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Saturday, June 22, 2013

Investment Portfolio for Retired Clients – FDs Vs. SCSS

Building up a retirement corpus portfolio for retired clients is a tough job. There are several challenges a planner will come across while dealing with such clients and we have to be very sensitive while structuring an investment portfolio of retirement corpus. Even a small mistake in asset allocation or choosing a wrong product can jeopardise financial lives of our clients.
Recently I wrote an article in Business Standard on choosing between Fixed Deposits Vs. Senior Citizens Savings Scheme in the current scenario. I thought it will make an interesting reading to you while dealing with your retired clients.
The article was the result of a brainstorming telecon between Santosh Salunke, a CFP Practitioner in Mumbai & me. I would like thank all those who call me to seek inputs (it makes me research & think) and those whom I regularly disturb with calls to take inputs for writing assignments & client cases :-)
I request you to put across your thoughts on this subject and also share what investment products and asset allocation you recommend to retired clients.

Start of Article

People approaching retirement usually get a fabulous send off party and a respectful acknowledgement of their services to the company after completing 30-35 years of active working life. On one side retirement may be about shedding off responsibilities and living a relaxed life. But on the other hand it also dawns a great responsibility of managing retirement benefits received to lead the remaining part of your life which can sometimes be as long as the working life itself!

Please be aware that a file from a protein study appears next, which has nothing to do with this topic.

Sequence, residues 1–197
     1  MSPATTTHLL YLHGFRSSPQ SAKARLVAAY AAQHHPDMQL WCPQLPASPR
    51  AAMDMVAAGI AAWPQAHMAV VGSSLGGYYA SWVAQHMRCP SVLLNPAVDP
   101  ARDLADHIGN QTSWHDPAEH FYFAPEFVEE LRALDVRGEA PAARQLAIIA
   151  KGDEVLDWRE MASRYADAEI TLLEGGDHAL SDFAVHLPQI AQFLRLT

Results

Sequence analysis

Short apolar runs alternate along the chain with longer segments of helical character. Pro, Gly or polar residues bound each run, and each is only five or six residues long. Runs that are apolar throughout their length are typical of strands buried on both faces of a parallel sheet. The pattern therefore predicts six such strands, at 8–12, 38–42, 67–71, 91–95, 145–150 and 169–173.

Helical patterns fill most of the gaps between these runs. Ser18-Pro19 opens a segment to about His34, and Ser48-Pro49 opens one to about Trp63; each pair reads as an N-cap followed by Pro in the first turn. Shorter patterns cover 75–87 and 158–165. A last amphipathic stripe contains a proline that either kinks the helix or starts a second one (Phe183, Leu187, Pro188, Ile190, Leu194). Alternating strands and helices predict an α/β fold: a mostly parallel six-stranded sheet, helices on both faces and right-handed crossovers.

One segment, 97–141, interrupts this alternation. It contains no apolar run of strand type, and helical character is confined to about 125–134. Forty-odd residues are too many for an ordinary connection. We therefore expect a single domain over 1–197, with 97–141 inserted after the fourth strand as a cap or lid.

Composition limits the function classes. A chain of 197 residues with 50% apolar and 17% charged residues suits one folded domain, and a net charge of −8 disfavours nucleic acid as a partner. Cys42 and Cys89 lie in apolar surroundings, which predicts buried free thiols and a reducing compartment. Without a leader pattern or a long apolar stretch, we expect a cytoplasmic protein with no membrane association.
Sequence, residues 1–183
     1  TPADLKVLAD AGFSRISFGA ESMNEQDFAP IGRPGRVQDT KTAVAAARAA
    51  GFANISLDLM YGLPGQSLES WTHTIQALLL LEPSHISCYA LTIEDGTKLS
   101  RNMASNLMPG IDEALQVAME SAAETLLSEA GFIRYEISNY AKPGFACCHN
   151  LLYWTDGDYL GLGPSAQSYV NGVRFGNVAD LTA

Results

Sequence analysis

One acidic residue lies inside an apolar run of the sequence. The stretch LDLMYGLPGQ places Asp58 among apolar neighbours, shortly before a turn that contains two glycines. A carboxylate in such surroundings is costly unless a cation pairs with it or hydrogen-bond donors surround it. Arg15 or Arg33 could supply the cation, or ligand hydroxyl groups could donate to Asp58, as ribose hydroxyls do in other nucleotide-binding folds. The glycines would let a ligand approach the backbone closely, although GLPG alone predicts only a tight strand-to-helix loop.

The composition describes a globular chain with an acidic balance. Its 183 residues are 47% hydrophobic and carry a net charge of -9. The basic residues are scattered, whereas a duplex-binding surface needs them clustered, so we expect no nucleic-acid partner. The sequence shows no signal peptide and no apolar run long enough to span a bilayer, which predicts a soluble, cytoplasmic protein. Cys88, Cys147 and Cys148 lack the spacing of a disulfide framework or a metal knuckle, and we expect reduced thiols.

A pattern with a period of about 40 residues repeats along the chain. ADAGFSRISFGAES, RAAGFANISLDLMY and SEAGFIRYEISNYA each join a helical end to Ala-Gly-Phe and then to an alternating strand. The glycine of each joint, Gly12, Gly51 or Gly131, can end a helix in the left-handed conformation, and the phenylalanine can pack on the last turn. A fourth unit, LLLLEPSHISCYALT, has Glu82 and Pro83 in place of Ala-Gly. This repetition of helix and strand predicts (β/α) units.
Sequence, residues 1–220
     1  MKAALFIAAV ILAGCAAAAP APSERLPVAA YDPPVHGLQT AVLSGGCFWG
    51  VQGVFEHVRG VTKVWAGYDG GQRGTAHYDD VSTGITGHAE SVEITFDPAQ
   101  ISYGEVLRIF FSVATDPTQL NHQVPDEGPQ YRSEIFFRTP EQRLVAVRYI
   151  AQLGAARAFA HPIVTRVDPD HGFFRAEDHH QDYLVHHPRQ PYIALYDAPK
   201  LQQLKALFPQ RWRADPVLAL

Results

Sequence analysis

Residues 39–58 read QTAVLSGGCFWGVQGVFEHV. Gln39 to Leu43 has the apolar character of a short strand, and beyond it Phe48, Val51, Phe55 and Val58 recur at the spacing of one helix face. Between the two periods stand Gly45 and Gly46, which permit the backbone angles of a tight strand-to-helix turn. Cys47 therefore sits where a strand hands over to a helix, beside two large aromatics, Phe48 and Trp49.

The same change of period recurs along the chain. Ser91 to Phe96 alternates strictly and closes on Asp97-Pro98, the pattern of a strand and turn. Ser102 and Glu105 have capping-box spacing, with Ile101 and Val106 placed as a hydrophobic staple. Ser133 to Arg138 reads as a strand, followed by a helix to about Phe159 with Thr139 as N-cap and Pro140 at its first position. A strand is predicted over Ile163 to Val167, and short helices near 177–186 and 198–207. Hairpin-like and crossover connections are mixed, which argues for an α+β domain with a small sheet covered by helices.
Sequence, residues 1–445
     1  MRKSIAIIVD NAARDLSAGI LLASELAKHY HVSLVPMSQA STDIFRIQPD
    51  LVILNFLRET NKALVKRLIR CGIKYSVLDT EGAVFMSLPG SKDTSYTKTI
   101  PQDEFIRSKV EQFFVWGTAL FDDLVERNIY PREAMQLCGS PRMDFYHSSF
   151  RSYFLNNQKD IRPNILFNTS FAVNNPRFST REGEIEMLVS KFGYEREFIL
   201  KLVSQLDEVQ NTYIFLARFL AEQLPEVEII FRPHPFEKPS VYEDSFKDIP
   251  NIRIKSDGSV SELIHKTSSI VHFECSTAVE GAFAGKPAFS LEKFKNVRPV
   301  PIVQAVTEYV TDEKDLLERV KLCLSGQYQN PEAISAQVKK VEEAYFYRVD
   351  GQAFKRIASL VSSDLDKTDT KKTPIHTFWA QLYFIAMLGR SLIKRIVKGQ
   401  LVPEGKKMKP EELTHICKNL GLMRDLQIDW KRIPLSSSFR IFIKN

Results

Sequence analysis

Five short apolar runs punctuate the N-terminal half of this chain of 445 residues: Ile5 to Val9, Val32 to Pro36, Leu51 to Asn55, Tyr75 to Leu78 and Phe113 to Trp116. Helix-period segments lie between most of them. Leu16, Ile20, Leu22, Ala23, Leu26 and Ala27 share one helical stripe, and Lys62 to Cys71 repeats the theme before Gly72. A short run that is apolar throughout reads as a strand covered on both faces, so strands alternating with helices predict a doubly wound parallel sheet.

Retirees receive a considerable amount from provident fund accumulation, superannuation benefits and gratuity benefits. And many of the prudent investors will have accumulated corpus through disciplined investing in mutual funds, stocks and fixed deposits
Retirement brings in a different set of investment options and investment objectives mixed with various apprehensions. You will be required to take many investment decisions to channelize the retirement corpus all by yourself or with the guidance of a financial planner.
The first and the foremost decision will be to determine the asset allocation mainly between equity and debt. A 70:30 debt:equity ratio suits for many of the retirees but a proper analysis of your current investments and passive income streams needs to evaluated before finalizing.
Debt gives a lot of stability to the portfolio and also can be used to generate regular income streams to meet monthly expenses. Whereas equity boosts your long term returns and help you beat the inflation. A well-thought asset allocation is half the job done fund your retirement life.
Fixed Deposits (FDs), Corporate Deposits, Senior Citizens Savings Scheme (SCSS) , Post Office Monthly Income Scheme, Debt Mutual Funds, Pension Plans by Life Insurance Companies are the various options available today investing your retirement corpus in debt.
You have to compare the different features of the investment avenues like risk, returns, liquidity, term, mode etc before taking a decision on which is the best suitable avenue for you. Out of all these FDs & SCSS are best placed to be in your debt portfolio in the current scenario.
SCSS has been a huge hit since the time it was launched in 2004 by the Government of India to address the regular income requirement of senior citizens. Its popularity has been purely due its attractive interest rate of 9% and also it’s backing by the sovereign.